Sub-theme 2.2: EI for Greater Outcomes
The participants described that EI is beneficial for greater outcomes for the students. The participants expressed that if they can read their student’s emotional states, understand their reactions and stress levels when they are understanding and compassionate, this is reflected in their student achievement. It also boosts leadership skills in educators.
Sub-theme 2.3: EI as a Necessary Challenge
The majority of the participants answered that teaching is challenging, requires time, energy, commitment, self-reflection, and motivation.
Theme 3: Working Better Together
The final theme that was prevalent throughout the data was that of working better together, benefitting one another through greater support and collaboration, which in turn could benefit themselves and be passed on to others through feeding forward what had been learned. It involved the sub-themes of relating to self and others, championing self and others, and feeding forward.
This chapter takes each research question in turn and uses the findings to answer them.
The findings of the secondary research indicate that creative coaching can usefully develop personal and professional growth. However, the primary research revealed that the educators in this study had rarely received ‘creative coaching’, although some admitted that they used story-telling and walking with conversations. Moreover, the educators did reveal limits to their ability to implement or attempt any changes that they may have gained from a coaching experience due to lack of time, resources, budget, and ‘systemic issues’ that prevented them from trying novel approaches.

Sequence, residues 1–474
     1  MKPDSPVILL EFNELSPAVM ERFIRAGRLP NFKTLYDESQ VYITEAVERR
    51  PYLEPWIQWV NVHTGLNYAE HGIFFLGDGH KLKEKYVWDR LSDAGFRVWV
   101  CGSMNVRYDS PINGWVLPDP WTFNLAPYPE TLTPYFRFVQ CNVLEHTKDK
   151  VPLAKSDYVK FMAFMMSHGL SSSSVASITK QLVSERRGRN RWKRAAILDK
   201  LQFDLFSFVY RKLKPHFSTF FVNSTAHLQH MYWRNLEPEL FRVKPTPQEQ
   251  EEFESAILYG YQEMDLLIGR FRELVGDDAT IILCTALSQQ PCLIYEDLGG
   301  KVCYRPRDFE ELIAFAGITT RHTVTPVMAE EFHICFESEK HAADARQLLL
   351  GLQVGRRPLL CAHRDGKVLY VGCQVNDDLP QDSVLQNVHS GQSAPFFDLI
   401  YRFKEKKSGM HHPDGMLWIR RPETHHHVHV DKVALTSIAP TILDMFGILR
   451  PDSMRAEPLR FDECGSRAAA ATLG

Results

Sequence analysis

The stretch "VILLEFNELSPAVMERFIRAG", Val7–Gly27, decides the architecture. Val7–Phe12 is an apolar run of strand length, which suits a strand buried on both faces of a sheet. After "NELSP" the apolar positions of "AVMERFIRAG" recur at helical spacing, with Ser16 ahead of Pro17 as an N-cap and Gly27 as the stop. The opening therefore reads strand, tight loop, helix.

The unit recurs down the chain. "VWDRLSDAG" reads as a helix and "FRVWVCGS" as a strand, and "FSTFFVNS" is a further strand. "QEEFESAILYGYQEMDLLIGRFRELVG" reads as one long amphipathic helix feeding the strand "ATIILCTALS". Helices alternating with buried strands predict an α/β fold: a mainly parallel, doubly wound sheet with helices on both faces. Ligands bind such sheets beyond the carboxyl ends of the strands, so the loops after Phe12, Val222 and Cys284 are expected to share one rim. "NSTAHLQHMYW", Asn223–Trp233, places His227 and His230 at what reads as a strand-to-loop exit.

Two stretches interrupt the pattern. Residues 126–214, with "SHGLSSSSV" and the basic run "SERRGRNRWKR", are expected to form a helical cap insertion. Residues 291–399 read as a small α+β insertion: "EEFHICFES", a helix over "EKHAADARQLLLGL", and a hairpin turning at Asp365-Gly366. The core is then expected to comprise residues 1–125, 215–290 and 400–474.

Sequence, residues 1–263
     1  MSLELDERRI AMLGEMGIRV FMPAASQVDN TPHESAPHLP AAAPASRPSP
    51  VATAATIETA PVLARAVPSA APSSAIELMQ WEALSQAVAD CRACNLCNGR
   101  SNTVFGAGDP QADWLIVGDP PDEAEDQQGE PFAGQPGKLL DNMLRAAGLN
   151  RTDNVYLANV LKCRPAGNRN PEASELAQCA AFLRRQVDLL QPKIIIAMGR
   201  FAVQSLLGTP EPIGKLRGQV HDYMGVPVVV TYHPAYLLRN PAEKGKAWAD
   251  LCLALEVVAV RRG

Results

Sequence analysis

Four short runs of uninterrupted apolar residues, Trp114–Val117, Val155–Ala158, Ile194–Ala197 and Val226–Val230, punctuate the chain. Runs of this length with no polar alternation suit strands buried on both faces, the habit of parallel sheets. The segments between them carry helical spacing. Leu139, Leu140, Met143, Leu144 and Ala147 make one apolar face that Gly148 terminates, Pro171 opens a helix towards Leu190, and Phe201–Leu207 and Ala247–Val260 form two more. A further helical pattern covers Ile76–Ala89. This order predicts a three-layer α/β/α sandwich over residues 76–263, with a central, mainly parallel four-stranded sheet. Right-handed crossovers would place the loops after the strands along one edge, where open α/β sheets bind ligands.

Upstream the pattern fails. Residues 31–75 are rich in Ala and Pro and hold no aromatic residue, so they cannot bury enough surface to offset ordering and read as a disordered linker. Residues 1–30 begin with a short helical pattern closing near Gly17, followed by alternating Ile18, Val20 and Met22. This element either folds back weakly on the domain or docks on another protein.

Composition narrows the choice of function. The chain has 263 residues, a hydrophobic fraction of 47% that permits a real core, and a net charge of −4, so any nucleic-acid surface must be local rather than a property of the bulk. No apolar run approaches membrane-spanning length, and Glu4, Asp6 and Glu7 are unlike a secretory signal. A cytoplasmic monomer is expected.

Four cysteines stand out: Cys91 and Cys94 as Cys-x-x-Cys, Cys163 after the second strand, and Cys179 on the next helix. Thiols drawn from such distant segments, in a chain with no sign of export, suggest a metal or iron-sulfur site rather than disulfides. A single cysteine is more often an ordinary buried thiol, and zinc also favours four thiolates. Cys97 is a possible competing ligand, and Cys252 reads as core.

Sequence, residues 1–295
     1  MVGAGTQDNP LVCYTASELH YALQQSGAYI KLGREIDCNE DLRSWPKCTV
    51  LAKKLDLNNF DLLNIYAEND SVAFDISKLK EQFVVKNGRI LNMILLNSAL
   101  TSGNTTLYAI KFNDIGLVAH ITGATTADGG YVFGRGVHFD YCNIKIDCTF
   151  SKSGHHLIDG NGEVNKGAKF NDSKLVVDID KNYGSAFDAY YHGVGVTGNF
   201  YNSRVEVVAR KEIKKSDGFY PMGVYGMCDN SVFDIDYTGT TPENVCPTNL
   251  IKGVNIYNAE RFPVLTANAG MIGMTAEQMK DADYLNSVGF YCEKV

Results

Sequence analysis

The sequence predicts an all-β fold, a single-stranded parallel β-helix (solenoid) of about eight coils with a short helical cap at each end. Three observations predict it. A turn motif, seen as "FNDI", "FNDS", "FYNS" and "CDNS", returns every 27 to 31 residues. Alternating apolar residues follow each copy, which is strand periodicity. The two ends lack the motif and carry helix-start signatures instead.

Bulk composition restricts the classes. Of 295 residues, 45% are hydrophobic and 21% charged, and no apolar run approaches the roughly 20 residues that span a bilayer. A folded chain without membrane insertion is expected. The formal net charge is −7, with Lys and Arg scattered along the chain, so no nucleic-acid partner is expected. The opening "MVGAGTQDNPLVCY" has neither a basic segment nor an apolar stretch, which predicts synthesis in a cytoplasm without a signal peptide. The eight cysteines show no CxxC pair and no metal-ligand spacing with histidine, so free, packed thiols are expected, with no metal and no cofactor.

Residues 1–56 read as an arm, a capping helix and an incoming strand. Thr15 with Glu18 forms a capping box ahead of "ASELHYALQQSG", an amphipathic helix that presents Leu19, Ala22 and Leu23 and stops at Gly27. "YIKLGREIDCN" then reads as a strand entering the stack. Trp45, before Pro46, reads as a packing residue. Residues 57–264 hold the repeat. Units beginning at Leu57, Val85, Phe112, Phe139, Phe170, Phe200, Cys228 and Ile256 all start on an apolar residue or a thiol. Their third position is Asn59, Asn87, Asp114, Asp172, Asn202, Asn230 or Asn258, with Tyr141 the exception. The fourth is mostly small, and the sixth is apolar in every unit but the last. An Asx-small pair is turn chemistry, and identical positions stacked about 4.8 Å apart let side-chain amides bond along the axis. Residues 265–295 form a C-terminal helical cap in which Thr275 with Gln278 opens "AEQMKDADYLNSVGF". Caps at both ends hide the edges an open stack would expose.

This study revealed that EI is an integral component for successful coaching, although some participants did perceive this as a challenge, requiring time, dedication, and self-motivation. Whilst some participants indicated that coaching had assisted them in becoming better leaders, this was not directly related to creative coaching. However, some asserted that coaching had not impacted their leadership skills. I was perceived to be fundamental in assisting teaching practice, helping them to become better teachers and colleagues.
Finally, recommendations are made both for future practice and research in this area.